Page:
The measuring of time in Byzantium comprised the chronology, that is the determination of the number of the year from a given origin, the calendar, that is the division of the year, and the time, that is the division of the day. All three were calculated with the help of astronomy.

The Byzantine era counted its origin starting from the Creation (21 March 5508 B.C.). and used the Julian calendar, The astronomical tables were based on an era and calendar different from the Byzantine ones, therefore one of the major concerns of Byzantine astronomers was the chronological conversion, that is the correspondence between the tables dates and the Byzantine ones. The first chapters in aft Byzantine astronomical manuals were dedicated to this subject These manuals were based mainly on Ptolemaic astronomy, which followed the commentaries on Ptolemy by Theon of Alexandria, or on Persian astron¬omy and the School of Maragha. Rolemaic and Persian astronomical tables used a calendar of a 365-days year.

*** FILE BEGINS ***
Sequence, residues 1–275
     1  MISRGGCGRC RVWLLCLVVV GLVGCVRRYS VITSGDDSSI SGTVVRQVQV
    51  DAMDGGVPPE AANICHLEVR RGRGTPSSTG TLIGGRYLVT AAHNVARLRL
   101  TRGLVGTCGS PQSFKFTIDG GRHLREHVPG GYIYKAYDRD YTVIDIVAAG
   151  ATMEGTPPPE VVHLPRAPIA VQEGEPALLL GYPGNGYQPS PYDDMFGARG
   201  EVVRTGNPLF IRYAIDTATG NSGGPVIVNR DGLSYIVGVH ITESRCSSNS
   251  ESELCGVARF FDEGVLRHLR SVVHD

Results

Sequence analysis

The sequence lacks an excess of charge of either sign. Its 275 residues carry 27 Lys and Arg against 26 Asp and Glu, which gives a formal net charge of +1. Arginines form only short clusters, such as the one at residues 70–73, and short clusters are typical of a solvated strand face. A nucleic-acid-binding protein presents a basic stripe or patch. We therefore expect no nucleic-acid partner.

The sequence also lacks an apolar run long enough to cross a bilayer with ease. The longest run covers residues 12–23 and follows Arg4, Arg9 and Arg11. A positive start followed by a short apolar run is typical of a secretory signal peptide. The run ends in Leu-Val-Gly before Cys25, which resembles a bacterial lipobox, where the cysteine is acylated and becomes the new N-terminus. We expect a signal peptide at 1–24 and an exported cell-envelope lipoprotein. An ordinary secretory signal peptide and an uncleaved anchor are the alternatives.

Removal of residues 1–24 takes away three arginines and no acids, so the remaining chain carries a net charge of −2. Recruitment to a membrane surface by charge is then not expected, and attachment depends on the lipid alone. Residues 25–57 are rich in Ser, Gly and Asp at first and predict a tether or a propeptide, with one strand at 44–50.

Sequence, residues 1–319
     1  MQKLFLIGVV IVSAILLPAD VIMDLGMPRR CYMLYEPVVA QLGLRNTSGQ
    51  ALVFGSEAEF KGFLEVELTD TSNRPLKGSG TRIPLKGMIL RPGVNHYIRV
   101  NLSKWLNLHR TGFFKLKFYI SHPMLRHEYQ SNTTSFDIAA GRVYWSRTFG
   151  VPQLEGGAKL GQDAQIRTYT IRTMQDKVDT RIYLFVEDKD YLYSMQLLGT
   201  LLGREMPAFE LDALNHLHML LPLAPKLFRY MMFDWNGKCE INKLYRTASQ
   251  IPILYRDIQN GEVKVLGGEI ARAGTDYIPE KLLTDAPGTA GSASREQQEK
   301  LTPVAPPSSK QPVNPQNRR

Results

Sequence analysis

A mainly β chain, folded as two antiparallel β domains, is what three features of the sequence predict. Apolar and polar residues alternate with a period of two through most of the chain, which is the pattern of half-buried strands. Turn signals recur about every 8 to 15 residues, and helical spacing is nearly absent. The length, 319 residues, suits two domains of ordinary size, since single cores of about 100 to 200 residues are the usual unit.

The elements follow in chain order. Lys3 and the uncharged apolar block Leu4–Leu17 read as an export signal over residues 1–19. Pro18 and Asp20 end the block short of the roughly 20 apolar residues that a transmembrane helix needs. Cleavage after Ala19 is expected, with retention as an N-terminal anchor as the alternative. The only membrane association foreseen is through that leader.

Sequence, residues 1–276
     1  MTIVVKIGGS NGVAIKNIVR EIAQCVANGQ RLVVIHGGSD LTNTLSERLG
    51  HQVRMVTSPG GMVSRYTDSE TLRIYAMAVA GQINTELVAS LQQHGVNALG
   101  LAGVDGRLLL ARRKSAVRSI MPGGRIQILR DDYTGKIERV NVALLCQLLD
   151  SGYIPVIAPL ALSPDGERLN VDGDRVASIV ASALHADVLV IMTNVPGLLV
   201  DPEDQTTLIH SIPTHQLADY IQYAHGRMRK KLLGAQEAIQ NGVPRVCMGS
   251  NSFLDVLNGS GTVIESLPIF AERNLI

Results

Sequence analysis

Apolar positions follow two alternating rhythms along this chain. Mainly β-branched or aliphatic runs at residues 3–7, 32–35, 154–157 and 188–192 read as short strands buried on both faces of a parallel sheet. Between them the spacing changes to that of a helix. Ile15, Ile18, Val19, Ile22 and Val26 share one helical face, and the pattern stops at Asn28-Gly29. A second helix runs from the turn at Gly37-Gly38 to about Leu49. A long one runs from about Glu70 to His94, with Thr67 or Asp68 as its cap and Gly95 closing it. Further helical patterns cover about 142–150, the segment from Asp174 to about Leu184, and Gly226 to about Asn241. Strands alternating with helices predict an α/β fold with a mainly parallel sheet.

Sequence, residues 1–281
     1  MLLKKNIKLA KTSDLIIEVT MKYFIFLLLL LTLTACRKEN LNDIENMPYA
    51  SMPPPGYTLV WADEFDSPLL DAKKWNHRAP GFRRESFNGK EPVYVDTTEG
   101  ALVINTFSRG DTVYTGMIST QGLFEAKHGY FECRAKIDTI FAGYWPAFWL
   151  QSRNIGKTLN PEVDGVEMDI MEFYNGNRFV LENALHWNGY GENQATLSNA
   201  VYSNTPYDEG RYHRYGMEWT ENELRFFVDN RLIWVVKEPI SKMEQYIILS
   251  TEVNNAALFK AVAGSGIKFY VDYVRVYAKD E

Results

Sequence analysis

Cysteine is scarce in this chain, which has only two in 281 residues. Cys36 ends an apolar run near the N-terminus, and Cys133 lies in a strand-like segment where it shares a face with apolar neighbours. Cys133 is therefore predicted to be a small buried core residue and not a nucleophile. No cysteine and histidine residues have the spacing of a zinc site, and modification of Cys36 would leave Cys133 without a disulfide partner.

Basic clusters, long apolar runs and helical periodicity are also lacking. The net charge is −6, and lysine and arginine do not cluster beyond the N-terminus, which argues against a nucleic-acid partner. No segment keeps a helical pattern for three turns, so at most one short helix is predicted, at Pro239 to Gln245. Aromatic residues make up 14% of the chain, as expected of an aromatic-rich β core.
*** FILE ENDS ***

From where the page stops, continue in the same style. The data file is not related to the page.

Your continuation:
Byzantine astronomers used the astrolabe to determine time, an instrument considered as the most precise clock by Theodoros Meliteniotis. one of the greatest astronomers of the Paiaeologan period. Although only one Byzantine astrolabe has been preserved, there is a rich literature on the subject. Byzantines used both the equal hours -being in fact slightly unequal, as the astrolabe measures the real and not the main solar time- and the unequal ones – defined by dividing the night as well as the day by twelve.